October 24, 2016 Articles

Anonymity, Arbitration, and Purloined Documents: The Ashley Madison Data Breach Litigation

A case complicated by hacker-released information on cheating spouses and internal documents.

By Matthew M.K. Stein

Data breach litigation is many things, but often it isn’t scandalous. Similarly, if it’s “sexy,” it’s only in the metaphorical sense of an exciting or fascinating idea. But for customers of the Ashley Madison website—former motto: “Life is short. Have an affair”—the litigation is scandalous, and it’s sexy, in the literal definition. Customers signed up for the website to do what Ashley Madison’s former motto promised. After last year’s hacking and data breach, there is litigation over it.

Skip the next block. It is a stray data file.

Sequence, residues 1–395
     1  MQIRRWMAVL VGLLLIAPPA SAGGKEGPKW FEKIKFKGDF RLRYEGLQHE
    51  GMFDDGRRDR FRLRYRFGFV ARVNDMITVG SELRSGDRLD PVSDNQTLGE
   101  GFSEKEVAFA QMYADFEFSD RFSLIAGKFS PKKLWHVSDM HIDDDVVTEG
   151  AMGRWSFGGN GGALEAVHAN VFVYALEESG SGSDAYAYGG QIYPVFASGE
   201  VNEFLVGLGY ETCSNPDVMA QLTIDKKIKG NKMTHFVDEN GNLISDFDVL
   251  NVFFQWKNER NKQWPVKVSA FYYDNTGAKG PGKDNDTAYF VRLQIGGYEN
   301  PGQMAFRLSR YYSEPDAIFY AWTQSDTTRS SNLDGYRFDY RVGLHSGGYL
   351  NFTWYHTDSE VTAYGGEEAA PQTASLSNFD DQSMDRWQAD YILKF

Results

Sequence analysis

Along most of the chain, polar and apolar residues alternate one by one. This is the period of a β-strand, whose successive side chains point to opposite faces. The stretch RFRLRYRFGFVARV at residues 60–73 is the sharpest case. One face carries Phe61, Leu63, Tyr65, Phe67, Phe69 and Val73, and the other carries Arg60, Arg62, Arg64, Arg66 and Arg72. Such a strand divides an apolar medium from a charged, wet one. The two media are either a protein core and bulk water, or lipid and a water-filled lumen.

After Ashley Madison was hacked and its operator, Avid, ignored demands to shut down, customer information and internal documents were released into the wild by hackers. Ashley Madison’s customers are concerned about something more than the usual vague fears associated with their debit and credit card numbers being exposed. (To be sure, people whose Social Security or credit card numbers are stolen can face serious consequences through new debt and damage to their credit reports, but identity theft protection and zero-fraud liability reduces those two risks.) Ashley Madison’s customers want to prevent the “potentially catastrophic personal and professional consequences” of being outed as customers in public—for the damage to marriages and partnerships.

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